A plan designed to link government, business, labor, and community leaders from four counties to create 100,000 new jobs in the central Puget Sound region by 2010 is closer to completion, according to an Aug. 23 presentation to the Tacoma City Council and Mayor Bill Baarsma.
”There are no guarantees that the Puget Sound region will be able to attract new businesses, or keep and grow existing firms,” said Bob Drewel, Executive Director of the Puget Sound Regional Council, which heads up Prosperity Partnership, a coalition of four counties (King, Pierce, Kitsap, and Snohomish) created last fall to assess the economic needs of the region and formulate a plan to create jobs. Drewel spoke during the council study session Tuesday. “We can’t trust our future to luck, we must act to make changes and investments to ensure that the Puget Sound region continues to prosper.”
To that end, Drewel told the mayor and city council that Prosperity Partnership was focused on six economic foundations that needed to be rebuilt to keep the region competitive:
Human Resources — Intensify efforts to ensure the availability of a vibrant, well-educated and adaptable workforce for today’s industry clusters and for new industries of the future, and to ensure good employment for area residents;
Technology — Provide the region’s businesses and entrepreneurs better access to the region’s research and development resources;
Access to Capital — Improve access by both small and large firms to both debt financing and equity financing, such as venture capital;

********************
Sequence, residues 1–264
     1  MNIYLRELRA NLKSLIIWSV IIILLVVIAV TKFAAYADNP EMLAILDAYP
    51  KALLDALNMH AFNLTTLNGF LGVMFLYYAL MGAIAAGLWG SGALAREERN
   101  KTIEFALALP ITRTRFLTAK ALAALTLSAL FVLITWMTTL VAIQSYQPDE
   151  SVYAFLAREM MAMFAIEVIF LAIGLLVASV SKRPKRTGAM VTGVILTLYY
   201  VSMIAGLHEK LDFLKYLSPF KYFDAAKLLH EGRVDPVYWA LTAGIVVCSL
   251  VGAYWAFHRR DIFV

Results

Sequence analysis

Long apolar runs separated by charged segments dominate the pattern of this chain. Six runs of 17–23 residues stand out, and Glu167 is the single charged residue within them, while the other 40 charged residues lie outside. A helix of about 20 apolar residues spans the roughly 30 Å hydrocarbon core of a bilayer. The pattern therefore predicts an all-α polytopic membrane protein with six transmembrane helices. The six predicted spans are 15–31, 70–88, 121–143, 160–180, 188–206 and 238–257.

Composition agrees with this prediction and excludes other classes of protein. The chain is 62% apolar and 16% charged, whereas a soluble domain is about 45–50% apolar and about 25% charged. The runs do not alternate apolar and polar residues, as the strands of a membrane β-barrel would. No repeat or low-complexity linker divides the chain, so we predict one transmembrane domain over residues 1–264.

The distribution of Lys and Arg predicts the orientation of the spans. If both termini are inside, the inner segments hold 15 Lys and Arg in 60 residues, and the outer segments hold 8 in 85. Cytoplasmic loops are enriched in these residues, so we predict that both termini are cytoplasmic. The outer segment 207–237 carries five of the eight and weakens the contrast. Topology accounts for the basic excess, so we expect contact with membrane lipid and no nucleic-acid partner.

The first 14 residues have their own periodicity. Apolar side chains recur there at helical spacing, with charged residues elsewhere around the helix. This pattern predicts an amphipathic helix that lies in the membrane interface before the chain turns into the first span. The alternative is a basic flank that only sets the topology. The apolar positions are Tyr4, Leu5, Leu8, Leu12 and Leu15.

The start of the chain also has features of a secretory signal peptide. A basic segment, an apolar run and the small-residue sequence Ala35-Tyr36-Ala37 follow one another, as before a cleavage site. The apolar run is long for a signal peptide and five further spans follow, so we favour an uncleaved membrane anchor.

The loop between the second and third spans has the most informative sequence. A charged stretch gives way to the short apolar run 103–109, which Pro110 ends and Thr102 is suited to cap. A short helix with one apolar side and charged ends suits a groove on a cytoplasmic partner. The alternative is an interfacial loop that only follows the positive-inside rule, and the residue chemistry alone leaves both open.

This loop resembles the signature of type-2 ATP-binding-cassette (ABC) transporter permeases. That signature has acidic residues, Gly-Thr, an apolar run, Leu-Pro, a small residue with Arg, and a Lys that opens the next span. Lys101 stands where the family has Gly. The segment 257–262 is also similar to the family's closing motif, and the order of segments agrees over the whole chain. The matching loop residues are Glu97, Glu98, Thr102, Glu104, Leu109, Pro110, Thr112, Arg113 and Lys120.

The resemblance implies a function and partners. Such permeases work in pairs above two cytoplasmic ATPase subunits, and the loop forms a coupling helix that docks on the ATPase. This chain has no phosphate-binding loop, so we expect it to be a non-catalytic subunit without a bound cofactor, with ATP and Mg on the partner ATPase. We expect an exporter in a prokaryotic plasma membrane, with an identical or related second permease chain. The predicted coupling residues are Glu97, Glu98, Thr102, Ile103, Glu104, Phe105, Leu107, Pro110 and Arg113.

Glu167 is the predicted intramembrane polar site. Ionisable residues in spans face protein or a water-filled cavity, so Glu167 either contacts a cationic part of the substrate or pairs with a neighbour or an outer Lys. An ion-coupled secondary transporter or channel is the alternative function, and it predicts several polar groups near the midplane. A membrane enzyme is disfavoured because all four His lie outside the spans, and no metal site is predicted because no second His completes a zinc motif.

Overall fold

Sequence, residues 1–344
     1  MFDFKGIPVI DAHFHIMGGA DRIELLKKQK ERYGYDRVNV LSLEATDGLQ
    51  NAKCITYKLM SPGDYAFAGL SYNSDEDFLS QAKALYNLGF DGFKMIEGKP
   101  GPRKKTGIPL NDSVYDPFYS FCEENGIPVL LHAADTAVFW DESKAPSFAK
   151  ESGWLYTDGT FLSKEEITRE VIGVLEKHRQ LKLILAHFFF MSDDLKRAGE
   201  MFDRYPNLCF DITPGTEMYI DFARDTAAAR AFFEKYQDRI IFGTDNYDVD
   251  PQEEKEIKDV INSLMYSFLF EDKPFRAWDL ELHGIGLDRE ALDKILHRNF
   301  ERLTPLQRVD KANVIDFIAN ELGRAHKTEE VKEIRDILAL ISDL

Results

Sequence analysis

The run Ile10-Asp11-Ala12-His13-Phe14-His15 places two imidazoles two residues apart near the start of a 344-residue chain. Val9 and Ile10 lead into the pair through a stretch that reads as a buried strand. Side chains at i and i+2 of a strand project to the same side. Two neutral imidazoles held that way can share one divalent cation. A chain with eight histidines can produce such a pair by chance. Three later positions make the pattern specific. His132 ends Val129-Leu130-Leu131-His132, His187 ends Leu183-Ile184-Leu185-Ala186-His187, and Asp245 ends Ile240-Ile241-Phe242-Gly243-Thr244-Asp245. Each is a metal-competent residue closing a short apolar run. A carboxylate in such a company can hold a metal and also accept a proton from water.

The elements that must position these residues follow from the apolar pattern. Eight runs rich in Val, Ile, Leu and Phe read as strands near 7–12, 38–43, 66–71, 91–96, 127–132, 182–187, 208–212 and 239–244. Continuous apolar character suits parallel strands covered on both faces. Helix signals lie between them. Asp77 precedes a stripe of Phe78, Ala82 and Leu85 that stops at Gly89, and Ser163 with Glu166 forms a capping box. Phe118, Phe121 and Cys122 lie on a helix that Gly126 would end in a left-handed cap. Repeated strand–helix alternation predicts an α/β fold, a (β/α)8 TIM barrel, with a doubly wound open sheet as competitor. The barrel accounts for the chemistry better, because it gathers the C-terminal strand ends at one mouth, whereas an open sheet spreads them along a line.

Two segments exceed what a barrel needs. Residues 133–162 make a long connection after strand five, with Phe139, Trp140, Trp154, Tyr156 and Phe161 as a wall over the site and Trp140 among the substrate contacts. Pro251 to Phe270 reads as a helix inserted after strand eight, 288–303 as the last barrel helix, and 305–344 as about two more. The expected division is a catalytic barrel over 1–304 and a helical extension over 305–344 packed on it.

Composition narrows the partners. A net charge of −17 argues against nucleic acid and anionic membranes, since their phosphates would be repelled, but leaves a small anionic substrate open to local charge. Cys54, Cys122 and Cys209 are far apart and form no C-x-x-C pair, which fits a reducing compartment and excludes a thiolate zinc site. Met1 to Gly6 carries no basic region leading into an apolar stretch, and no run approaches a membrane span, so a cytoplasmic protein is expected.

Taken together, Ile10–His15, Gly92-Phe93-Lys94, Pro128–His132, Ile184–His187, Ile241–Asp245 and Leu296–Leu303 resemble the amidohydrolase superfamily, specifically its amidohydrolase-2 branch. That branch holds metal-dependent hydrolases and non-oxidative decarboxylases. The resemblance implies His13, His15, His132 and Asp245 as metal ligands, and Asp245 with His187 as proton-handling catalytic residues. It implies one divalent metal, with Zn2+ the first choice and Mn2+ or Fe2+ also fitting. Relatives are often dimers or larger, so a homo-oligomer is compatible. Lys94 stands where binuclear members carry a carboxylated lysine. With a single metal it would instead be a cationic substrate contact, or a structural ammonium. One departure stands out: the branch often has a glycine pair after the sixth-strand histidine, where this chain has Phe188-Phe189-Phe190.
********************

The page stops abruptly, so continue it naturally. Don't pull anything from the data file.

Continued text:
Business Climate — Ensure that the business environment continues to be shaped to meet the needs of society and enterprise;
Physical Infrastructure — Improve the region’s transportation infrastructure (highways, railways, air and sea ports) to support the movement of people and freight over these systems;
Quality of Life and Social Capital — Quality of life and social capital must be preserved and strengthened in order to attract new businesses and talent from around the world.
Drewel also commented that Prosperity Partnership is combining these strategies with five defined industry clusters — aerospace, clean technology, information technology, life sciences, and logistics and international trade — in order to drive economic wealth and create 100,000 jobs in those industries by 2010.
Drewel’s presentation met some criticism from Councilmember Tom Stenger, who expressed concern over efforts by political and business leaders to reduce the tax burden on businesses at the expense of the typical taxpayer. “This plan misses the boat as far as rising wages for families and average workers,” said Stenger. ”Not all people will have good jobs and good incomes. This plan focuses on industries where people are already well-paid. How about focusing on rising wages for average workers? I think you need to have more discussion on this.”
Councilmember Mike Lonergan cautioned entering a bidding war with other cities for new businesses, when the benefits don’t outweigh the costs of luring those businesses to the region. ”How do we keep from falling into a trap where we give too much to businesses?” he asked.
Drewel replied, “We need to accurately point out and display the benefits of those decisions.”
The presentation was part of a plan to visit as many community leaders as possible for feedback to finalize a strategy this fall, so that action could be taken during the next legislative session.